React Hooks — Slower than HOC? – Hacker Noon

Now that the much anticipated React Hooks API has been officially released, I was finally able to scratch the itch of comparing its execution speed compared to good old HOCs. And the results surprised me!

Amidst all the excitement over shiny new Hooks, the trusty old HOC may have been unnecessarily vilified. Right off the bat I will say that my simple benchmarks showed HOCs may still be faster, despite the “wrapper hell” that it’s been recently much maligned for. Of course, if you find that my test is flawed, I will appreciate being corrected.

The Test App

I contrived a basic test app that renders 10,000 instances of a functional component that has 3 state values, and an effect that sets the 3 state values once after the first render. The main component logs the time elapsed from instantiation of the root component to the time it finishes rendering the 10,000 items. For this, it also uses an effect.

I then created 2 versions of the test app, one using Hooks and the other using HOCs (using the Reactor Library that I recently published: https://github.com/arnelenero/reactorlib#reactor-library).

The Hooks Version

import React, { useEffect, useState } from 'react';
import { render } from 'react-dom';
const array = [];
for (let i = 0; i < 10000; i++) array[i] = true;
const Component = () => {
const [a, setA] = useState('');
const [b, setB] = useState('');
const [c, setC] = useState('');

useEffect(() => {
setA('A');
setB('B');
setC('C');
}, []);

  return 
{a + b + c}
;
};
const Benchmark = ({ start }) => {
useEffect(() => {
console.log(Date.now() - start);
});
  return array.map((item, index) => );
};
render(, document.getElementById('root'));

The HOC (Reactor Library) Version

import React from 'react';
import { render } from 'react-dom';
import { compose, withState, withEffect } from '@reactorlib/core';
const array = [];
for (let i = 0; i < 10000; i++) array[i] = true;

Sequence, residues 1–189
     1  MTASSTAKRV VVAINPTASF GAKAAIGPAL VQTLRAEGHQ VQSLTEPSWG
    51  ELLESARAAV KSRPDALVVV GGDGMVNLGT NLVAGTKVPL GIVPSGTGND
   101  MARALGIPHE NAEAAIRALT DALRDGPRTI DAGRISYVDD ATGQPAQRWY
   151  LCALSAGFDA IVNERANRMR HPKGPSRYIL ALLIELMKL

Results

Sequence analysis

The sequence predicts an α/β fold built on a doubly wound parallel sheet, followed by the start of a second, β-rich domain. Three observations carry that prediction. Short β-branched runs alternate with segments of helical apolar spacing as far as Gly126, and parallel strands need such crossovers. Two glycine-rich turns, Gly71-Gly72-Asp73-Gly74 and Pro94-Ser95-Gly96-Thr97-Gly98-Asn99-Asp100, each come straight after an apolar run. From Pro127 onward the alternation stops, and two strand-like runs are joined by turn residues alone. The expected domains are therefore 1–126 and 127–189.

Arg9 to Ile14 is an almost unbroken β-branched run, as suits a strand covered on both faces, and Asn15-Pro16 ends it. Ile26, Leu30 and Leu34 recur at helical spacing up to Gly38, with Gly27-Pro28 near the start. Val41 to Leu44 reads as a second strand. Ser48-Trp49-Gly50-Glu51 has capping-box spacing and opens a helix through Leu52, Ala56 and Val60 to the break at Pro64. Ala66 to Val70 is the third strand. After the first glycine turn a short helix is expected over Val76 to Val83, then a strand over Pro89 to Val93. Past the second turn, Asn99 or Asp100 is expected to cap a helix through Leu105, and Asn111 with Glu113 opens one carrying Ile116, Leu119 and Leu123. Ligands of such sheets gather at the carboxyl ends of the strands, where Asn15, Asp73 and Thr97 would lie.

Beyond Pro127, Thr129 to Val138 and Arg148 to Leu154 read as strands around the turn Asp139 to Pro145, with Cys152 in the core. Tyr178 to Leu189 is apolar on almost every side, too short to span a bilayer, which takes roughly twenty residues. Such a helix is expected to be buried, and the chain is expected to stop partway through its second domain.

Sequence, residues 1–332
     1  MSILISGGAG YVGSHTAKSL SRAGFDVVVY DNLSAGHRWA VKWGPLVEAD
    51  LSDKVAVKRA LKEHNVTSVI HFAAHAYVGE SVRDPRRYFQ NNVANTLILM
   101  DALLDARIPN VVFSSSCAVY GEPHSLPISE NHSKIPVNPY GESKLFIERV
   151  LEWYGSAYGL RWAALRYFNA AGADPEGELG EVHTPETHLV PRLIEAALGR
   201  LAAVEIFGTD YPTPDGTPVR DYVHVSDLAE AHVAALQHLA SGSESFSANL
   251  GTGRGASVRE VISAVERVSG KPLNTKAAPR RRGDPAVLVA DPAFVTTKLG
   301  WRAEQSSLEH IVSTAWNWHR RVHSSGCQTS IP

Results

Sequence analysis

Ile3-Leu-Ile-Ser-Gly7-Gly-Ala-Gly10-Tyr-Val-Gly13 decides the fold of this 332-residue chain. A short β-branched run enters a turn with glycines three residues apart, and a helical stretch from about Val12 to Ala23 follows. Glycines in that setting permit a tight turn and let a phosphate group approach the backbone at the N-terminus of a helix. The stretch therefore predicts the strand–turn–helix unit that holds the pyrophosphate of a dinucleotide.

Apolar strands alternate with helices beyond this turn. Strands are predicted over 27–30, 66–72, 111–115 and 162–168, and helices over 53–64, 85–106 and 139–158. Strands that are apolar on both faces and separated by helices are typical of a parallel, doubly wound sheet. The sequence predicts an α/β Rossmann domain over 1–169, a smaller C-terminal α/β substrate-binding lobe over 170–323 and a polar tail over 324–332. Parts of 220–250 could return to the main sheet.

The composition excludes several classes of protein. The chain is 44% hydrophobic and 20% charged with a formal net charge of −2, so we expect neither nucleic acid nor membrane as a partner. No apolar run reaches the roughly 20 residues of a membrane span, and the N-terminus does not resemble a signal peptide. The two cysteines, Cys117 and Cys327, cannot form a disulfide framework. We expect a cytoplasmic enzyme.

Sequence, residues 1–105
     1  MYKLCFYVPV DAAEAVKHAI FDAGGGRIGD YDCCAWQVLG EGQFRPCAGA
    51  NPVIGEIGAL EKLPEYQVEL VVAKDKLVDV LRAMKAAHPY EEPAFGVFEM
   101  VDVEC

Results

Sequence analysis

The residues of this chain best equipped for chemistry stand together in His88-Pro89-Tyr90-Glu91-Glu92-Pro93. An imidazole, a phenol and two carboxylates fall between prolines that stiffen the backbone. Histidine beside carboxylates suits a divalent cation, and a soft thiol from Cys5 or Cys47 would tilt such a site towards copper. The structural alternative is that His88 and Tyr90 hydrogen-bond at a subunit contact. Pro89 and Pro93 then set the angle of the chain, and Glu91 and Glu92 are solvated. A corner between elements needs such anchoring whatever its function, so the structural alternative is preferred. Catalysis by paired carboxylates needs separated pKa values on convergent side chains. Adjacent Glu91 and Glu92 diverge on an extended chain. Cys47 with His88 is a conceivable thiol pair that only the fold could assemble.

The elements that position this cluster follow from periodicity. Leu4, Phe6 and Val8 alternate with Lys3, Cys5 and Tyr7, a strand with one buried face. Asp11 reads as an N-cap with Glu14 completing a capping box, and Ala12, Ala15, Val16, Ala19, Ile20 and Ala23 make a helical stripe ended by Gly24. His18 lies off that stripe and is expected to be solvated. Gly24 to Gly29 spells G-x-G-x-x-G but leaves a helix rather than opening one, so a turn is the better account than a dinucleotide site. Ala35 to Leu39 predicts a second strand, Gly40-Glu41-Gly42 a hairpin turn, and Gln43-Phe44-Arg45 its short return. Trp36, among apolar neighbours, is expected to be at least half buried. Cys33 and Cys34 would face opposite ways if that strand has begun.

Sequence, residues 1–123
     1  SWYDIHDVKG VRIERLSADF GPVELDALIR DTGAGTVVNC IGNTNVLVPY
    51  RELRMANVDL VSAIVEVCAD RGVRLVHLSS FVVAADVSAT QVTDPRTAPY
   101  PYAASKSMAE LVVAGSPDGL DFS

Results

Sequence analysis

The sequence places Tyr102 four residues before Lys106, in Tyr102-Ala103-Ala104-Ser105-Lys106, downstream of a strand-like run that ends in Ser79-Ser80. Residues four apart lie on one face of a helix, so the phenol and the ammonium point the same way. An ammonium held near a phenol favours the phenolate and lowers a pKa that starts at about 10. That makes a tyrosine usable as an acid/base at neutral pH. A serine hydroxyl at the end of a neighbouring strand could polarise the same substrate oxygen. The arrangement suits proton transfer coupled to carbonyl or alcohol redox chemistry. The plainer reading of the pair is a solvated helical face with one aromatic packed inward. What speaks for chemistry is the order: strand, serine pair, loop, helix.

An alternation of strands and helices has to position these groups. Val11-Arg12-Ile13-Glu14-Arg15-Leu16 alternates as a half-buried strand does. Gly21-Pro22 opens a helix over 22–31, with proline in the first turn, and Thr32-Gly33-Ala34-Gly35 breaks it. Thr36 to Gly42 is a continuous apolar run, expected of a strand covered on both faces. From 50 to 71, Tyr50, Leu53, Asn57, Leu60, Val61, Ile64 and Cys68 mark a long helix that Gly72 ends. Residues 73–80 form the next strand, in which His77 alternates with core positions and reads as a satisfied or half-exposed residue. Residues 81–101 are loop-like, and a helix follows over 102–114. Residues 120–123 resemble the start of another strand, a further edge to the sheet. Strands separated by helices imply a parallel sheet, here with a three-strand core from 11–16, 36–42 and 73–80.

const _Component = ({ a, b, c }) => {
return
{a + b + c}
;
};
const Component = compose(
withState({
a: '',
b: '',
c: ''
}),
withEffect(({ setA, setB, setC }) => {
setA('A');
setB('B');
setC('C');
}, true)
)(_Component);
const _Benchmark = () => {
return array.map((item, index) => );
};
const Benchmark = compose(
withEffect(({ start }) => {
console.log(Date.now() - start);
})
)(_Benchmark);
render(, document.getElementById('root'));

The Test Setup

Tests were run on an early 2015 12" Macbook (1.1GHz Core M, 8GB RAM) running MacOS Sierra 10.12.3 and Chrome 71.

Both versions are on React 16.8.1.

The Test Results

I captured the results of 10 test runs on MacOS Chrome, all of which show a clear winner.

Rendering Time in milliseconds
Run#     Hooks        HOCs
-----------------------------
1 2197 1440
2 2302 1757
3 2749 1407
4 2243 1309
5 2167 1644
6 2219 1516
7 2322 1673
8 2268 1630
9 2164 1446
10 2071 1597

But don’t take my word for it. You can run the two versions I posted above and see for yourself.

Conclusion

If the difference in rendering speed would be crucial to your use case (e.g. looped instances of component), these figures show that you may have to reconsider using HOCs instead. For typical use cases, though, the difference may not be significant enough to sway your decision.

Other Considerations

The choice between Hooks and HOC might not be the no-brainer that we initially thought it to be. Apart from what I covered here, there are other factors that affect this choice, such as your specific strategy for code reuse. Good thing is, we are not forced to pick just one of them; we can use both, with careful judgment on which components should prefer one over the other.

In spots where you would need HOCs instead, you might want to check out my Reactor Library (https://github.com/arnelenero/reactorlib#reactor-library). No, it’s not only about functional components; it has a whole lot of other things that can help you simplify your React/Redux development. Feel free to use, it’s yours as much as mine.

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